• Preheat your bowls if they’re cold or if your company is extra special.

Tools To Make Gluten Free Pasta

Once you can make full sheets of pasta you can make it into any shape you want. My pasta machine and drying rack are over thirty years old but I had fun looking for all these tools on Amazon. Gluten free people need gifts too so take a look and give generously.

Whether you want to have a Kitchen Party or simply try homemade pasta for family night I encourage you to do it. If you read this far, you know you want to!

I can’t wait to hear about your culinary adventures with gluten free pasta.

If you’re new here join our community and get your FREE resource. These are tips I wish I knew when I started cooking gluten free.

Yes, I need 29 Tips For Cooking with Gluten Free Flour.

Need some help learning to cook gluten free? Check out our virtual and in-person Cooking Classes.

Recipes for Your Homemade Pasta

Homemade Gluten Free Pasta Recipe

The best homemade gluten free pasta dough recipe is one made by measuring individual flours on a digital scale. A culinary adventure awaits!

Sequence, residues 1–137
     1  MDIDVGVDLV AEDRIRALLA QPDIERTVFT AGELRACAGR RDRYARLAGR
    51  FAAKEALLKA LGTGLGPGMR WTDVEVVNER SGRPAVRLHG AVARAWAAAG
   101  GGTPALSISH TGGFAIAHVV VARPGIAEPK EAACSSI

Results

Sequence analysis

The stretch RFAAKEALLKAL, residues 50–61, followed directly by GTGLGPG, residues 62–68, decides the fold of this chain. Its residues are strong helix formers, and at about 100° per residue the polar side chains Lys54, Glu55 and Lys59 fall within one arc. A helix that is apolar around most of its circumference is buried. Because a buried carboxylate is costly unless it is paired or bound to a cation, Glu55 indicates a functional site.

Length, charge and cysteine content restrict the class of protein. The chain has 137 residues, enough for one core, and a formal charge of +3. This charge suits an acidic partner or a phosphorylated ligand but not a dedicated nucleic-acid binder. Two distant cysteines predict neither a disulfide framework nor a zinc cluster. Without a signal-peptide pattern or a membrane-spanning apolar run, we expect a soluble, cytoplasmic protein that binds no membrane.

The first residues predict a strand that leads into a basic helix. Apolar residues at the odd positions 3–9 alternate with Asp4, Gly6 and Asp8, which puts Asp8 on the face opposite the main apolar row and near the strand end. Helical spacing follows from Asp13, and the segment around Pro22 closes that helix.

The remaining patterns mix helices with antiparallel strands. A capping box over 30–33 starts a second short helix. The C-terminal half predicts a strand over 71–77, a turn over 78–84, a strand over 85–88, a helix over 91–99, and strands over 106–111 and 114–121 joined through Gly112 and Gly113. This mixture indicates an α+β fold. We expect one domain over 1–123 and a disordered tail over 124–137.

Author: Cinde Little
Course: Main Course
Cuisine: Italian
Keyword: homemade gluten free pasta


  • 130 grams sorghum flour
  • 50 grams potato starch
  • 40 grams teff flour
  • 40 grams tapioca starch
  • 6 grams psyllium husk powder (2 tsp)
  • 2 grams xanthan gum (½ tsp)
  • 110 grams boiling water (~½ cup)


  • Set aside a bowl with tapioca starch to use for sprinkling when the dough is sticky.
  • Measure dry ingredients in food processor or electric mixer.
    Bowls of ingredients to make this gluten free pasta dough recipe.
  • Turn on to briefly combine. Add boiled water with motor running and mix until combined.
  • Add egg and continue mixing until smooth dough is formed.
    A food processor beside a blue plate with the gluten free pasta dough on it and a small bowl of tapioca starch.
  • Turn dough onto counter and lightly sprinkle with tapioca starch. Cut into 4 pieces. Work with one piece at a time keeping the remaining pieces of dough covered with a dry cloth.


  • Set pasta machine to its' widest setting.
    One quarter of some freshly made gluten free pasta dough in front of a pasta machine.
  • Flatten one piece of pasta dough with your hands or a rolling pin. Feed the flattened dough through the roller as you turn the crank.
    Someone gently pushing a piece of gluten free pasta dough into the widest setting of a hand crank pasta machine.